Attack On Titan

Fame and phenomenon are big things and hard for any property to reach.  When international markets come up, it’s even harder to reach these highs.  Yet Shingeki No Kyojin–better known to English audiences as Attack On Titan–has managed to reach a popularity and enthusiasm level similar to Battlestar Galactica or Breaking Bad.  This is a show where American audiences, myself included, have been watching new episodes the day they premiere in Japan.

An odd mix of terror, horror, and fantasy, Attack On Titan is probably one of the most engaging shows I’ve ever seen.

Eren Jaeger is a teenager who has grown up trapped behind a wall designed to protect humanity from a race of giants that have devoured most of humanity.  Hating life within the walls, Eren wants to join the Survey Corps so he can see the world and take it back from the Titans.  Most people consider him a fool, even his adopted sister Mikasa, and best friend Armin.

Then the largest Titan of all appears, reigniting humanity’s stagnant war of survival.  Resources become more scarce than ever, the rich and influential do what they can to exploit the mass hysteria, and giants start eating people.  When I say the Titans eat people, I don’t mean that they do it for food.  No, the Titans are eating us for fun.

And that only covers some of what happens in the first two episodes.

Attack On Titan often acts like any other fantasy action anime, such as Bleach or Naruto.  Then the Titans attack and the tone shifts to the bleak and terrifying, much like Berserk.  And just when you don’t think it can get any worse, it develops the narrative ruthlessness of George RR Martin’s books.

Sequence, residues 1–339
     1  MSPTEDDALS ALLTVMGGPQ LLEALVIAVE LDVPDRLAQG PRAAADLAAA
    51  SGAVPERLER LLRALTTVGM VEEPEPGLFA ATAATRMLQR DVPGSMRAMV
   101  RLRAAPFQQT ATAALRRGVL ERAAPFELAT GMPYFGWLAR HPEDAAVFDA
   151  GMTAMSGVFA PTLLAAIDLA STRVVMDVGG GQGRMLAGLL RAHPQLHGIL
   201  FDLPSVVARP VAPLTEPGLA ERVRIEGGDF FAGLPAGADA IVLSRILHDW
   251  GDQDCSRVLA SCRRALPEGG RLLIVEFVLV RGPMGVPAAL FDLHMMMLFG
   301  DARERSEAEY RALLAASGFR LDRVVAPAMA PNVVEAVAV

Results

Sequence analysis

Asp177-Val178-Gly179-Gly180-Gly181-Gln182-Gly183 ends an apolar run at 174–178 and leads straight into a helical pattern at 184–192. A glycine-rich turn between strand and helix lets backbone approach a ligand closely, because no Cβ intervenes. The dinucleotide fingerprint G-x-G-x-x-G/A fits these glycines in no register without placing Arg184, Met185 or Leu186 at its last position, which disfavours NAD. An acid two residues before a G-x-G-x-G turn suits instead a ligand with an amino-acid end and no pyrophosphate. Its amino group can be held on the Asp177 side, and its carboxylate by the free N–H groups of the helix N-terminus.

While the characters are often placed in categorical roles–Eren has great resolve, Mikasa is the best soldier, Armin is the great strategist–the setting and the plot are the biggest draws.  In watching Attack On Titan, there’s always a great sense of “What’s going to happen next?”  There’s a natural desperation to the setting, which gives the military aspects a greater sense of tension and suspense.

Because of this, Attack On Titan masters a fine balance between terror and horror.  You’ll be horrified by the events that you see, but you’re so terrified that you can’t possibly let yourself look away.  Blending this balance with a feudal society makes Attack On Titan a strong example of dark fantasy.

And just when you think the show has finally fallen into a genre that’s easier to stomach, a new detail comes up that brings all those sensations back.  There are triumphs, but they are so rare they make you cheer.  Most of the time, the characters are struggling to survive, not just fighting, but often failing their battles.  This is a world where humanity is near the brink of extinction and the only way to survive is to stand united and take the fight back to the Titans.

My description on this might seem a bit simple, but a fantasy story that has a religion based around Walls is doing something very different.  I don’t want to give anything away, but I want you to watch this show.  Do it for entertainment, do it for artistic reasons, do it to see masterful worldbuilding in action, but you should watch it.  You won’t be disappointed.


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